Fitting engineered wood in flat on 2nd floor

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    Fitting engineered wood in flat on 2nd floor

    Hi All,

    I bought a leasehold on the 2nd floor in central London at the beginning of the year and I would really like to replace the old and tired carpet with engineered wood floor + soundproofing underlay in the hallway and living room only (~30 m2). The floor underneath is concrete.

    This is the paragraph in my lease which relates to carpet and flooring:
    To keep the floors of the Premises covered with carpet and underfelt or with such other effective sound-deadening floor covering material as shall previously beapproved by the Management Company

    I have reached out to the management company who told me that I will need to get a license to alter from the freeholder with an option for the freeholder to revoke the wood floor if the soundproofing is not adequate after it is installed. This is obviously less than ideal.

    I would like to know if this kind of demand from the freeholder is customary and reasonable given the terms of the lease. To me, it seems like options outside of carpet are not excluded ("OR..."), at least that's what I thought when I purchased the flat.

    I am planning to fit a quality engineered wood which is quite costly for me, I would hate to have to tear it down. In addition, I never wear shoes in the house, plan to put a big rug in the living room and have seen other flats with solid floor in the same building. Is there anything I can say to the freeholder/management company to try to convince them?

    This has caused me quite a lot of distress and I would love to have your opinion.

    Thank you very much.

    Kate


    #2
    Just spend the money on new carpet IIWY, and move on with your life.
    To save them chiming in, JPKeates, Theartfullodger, Boletus, Mindthegap, Macromia, Holy Cow & Ted.E.Bear think the opposite of me on almost every subject.

    Comment


      #3
      I always try to imagine what effects my actions might have on someone else. How would you feel if you were in a flat and noise levels rose ?

      So far I believe everyone has acted reasonably. Before spending money you need to have professional, respected evidence that noise insulation will be at least the same, and hopefully better.

      Comment


        #4
        Fit carpet.

        Comment


          #5
          Originally posted by scot22 View Post
          I always try to imagine what effects my actions might have on someone else. How would you feel if you were in a flat and noise levels rose ?

          So far I believe everyone has acted reasonably. Before spending money you need to have professional, respected evidence that noise insulation will be at least the same, and hopefully better.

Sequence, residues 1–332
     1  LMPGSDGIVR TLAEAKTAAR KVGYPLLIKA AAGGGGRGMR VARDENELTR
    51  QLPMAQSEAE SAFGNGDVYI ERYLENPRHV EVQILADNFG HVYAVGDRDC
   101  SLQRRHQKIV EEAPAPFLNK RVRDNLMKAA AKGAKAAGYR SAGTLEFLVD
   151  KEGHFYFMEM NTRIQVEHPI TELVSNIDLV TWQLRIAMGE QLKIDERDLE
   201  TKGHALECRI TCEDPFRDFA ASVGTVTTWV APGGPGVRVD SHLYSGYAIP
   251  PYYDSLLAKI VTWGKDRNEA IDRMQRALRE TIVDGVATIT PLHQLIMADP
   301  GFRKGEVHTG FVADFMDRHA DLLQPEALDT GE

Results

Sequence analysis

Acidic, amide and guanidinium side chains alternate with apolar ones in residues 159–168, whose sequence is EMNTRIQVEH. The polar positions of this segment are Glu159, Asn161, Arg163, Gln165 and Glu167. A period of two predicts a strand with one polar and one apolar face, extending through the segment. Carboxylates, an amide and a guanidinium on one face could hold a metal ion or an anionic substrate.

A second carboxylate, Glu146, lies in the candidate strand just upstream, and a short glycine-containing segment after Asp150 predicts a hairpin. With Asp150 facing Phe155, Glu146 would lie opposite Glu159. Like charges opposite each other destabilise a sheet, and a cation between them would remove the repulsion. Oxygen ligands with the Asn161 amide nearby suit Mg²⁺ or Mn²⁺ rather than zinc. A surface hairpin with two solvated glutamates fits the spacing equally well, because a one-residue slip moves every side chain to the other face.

Thank you for your response. It goes without saying that my desire to install wood floor is motivated mainly by hygiene reasons and I do not wish to cause any inconvenience to my neighbours. I believe the building is fairly well sound proof (I have been living in this flat for 5 years- I was renting prior to purchasing it) and it has always been quiet. There is of course the occasional noise from upstairs or next door neighbour but I consider this as part of living in a flat.

          Could you clarify what you meant by “professional and respected evidence”? Should I hire an expert/ sound engineer? Is it possible to give such evidence prior to floor installation?
          Anyone sharing similar experience would be appreciated!
          thanks



          Comment


            #6
            Originally posted by Kate_london View Post
            It goes without saying that my desire to install wood floor is motivated mainly by hygiene reasons.
            Wooden flooring is not necessarily more hygienic than carpets. Obviously the amount of allergens and contaminants which settle on a floor is going to be the same whether flooring is wood or carpets. The main difference, assuming regular cleaning, is that the allergens and contaminants stay trapped in a carpet until it is vacuumed, while walking on a wooden floor kicks them up into the air.

            Carpets are also better insulators that wooden floors and feel warmer under the feet.

            Comment


              #7
              Fit the carpet please.

              By the way no amount of under-floor sound insulation is going to be more effective. Firstly the insulation does not prevent impact noise (only to a modest extent) its transmission. Secondly there is the small problem of reflected sound (upwards).

              Comment


                #8
                Kate, I assume this type of floor has been installed in quite a few flats. Surely the supplier should be able to give proven evidence of its affect along with value of insulation. In other words, what has happened elsewhere ?

                You need to be confident in the floor before spending money fitting it. You need evidence to justify your view. The sound engineer can give an opinion based on previous experience. It could be argued that is sufficient.

                I agree with your reading of the lease.

                How important is it for you ? Is there a carpet you might equally like ?

                I have considerable respect for lawcrunchers post. Perhaps, time for a rethink ?

                Comment


                  #9
                  Originally posted by scot22 View Post
                  Kate, I assume this type of floor has been installed in quite a few flats. Surely the supplier should be able to give proven evidence of its affect along with value of insulation. In other words, what has happened elsewhere ?

                  You need to be confident in the floor before spending money fitting it. You need evidence to justify your view. The sound engineer can give an opinion based on previous experience. It could be argued that is sufficient.